Another one of the acidophilus benefits is its ability to treat what is referred to as traveler’s diarrhea. An estimated 20% to 50% of travelers experience diarrhea at some point during their travels. The most common cause is due to exposure to foodborne bacteria. Travelers are especially vulnerable when traveling to underdeveloped nations with poor sanitation practices.
Studies confirm that acidophilus may hold validity as a treatment for acute diarrhea. With this in mind, it may be of benefit to keep a probiotic supplement in your luggage when journeying overseas.
Despite all of its benefits, some people have expressed concerns that this probiotic may also have a drawback. Some have suggested that too much acidophilus inside the mouth can lead to dental caries. This belief stems from the fact that the probiotic, as we mentioned, produces lactic acid. People reasoned that the acidity can erode teeth enamel.
First of all, lactic acid is far less acidic than other forms of acid, such as phosphoric acid and carbonic acid, which are found in carbonated beverages. There is no evidence to suggest that lactic acid’s acidity poses danger to your teeth. Of course, you still need to regularly wash away acids of any kind by brushing daily.
In addition, recent research now suggests dental diseases may be more due to a microbiome imbalance in the mouth rather than the presence of a single culprit bacteria.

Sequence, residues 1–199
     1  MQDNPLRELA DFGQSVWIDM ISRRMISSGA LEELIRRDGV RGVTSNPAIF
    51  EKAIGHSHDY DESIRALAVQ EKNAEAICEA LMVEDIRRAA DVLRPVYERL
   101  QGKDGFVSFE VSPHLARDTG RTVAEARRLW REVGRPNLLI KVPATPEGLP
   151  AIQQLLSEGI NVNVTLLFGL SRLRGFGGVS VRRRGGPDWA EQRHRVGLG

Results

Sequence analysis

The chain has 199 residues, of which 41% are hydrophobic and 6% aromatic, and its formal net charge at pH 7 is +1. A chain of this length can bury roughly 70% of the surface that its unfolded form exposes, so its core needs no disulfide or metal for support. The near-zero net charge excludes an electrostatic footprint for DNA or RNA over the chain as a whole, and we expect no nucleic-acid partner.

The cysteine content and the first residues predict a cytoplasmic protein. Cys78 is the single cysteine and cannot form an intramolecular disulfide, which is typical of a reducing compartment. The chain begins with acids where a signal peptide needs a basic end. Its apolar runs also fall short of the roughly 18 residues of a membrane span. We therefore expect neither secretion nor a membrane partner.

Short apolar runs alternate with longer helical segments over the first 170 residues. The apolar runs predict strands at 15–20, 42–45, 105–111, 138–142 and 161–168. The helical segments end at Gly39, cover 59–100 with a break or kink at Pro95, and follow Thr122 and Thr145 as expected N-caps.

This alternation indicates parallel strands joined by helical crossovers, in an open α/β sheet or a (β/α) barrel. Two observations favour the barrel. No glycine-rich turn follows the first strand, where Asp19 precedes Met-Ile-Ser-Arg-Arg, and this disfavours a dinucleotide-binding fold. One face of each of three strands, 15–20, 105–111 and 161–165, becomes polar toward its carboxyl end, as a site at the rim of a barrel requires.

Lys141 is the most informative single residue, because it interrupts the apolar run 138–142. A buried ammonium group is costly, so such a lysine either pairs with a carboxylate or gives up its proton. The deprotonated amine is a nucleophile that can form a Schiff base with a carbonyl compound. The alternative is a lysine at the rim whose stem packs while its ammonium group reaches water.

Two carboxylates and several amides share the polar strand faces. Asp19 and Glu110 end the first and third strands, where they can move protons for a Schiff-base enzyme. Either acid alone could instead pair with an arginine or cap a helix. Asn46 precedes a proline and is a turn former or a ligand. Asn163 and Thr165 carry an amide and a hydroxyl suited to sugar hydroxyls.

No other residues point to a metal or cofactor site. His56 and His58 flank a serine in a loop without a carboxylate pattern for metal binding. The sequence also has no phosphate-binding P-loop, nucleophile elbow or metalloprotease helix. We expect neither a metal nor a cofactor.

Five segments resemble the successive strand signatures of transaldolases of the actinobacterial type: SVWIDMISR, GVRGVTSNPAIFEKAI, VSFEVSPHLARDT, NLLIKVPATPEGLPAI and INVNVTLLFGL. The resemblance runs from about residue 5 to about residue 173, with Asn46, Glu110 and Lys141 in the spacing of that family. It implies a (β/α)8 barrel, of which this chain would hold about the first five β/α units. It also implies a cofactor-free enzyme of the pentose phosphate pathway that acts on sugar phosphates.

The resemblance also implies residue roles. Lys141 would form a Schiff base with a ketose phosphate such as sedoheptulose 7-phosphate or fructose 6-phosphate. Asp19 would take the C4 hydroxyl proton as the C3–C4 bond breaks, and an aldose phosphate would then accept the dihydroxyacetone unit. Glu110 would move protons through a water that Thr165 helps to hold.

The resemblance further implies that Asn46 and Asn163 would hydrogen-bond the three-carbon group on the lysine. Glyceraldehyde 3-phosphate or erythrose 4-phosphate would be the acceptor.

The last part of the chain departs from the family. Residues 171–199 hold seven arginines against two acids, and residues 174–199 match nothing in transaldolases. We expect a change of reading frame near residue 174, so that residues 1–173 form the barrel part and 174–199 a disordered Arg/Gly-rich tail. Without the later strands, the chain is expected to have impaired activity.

Do any single probiotic cause side effects when taken in excess? Reported side effects are relatively minor and mostly dissipate within a few days. Nevertheless, some sensitive users do notice adverse effects that we must point out.
The acidophilus side effects in the rare instances they occur are as follows:
An allergic reaction to probiotics in general is rare but not completely unheard of. It’s one of those unusual allergies. Fortunately, this also means it’s atypical, and 99% of the population have nothing to fear.
While the benefits of acidophilus are aplenty, we believe you can benefit even more from taking a multi-strain probiotic formula. Therefore, you should pay attention to the dosage as a whole. It’s hard to pinpoint a specific acidophilus dosage whether taking the probiotic alone or with other strains. Ultimately, it comes down to your reason for taking the probiotic in the first place.
Researchers suggest a daily acidophilus dosage of one to 15 billion CFUs if taking for general digestive health. In any case, follow the dosage instructions on the supplement label and you’ll be fine.
Being one of the most widely studied probiotics, it makes sense to use a supplement that contains the strain. This is precisely what you will find in Floracil50 along with other well-documented probiotics in the lactobacillus genus. Repopulating your gut with probiotics help restore digestive function to its peak “factory” setting.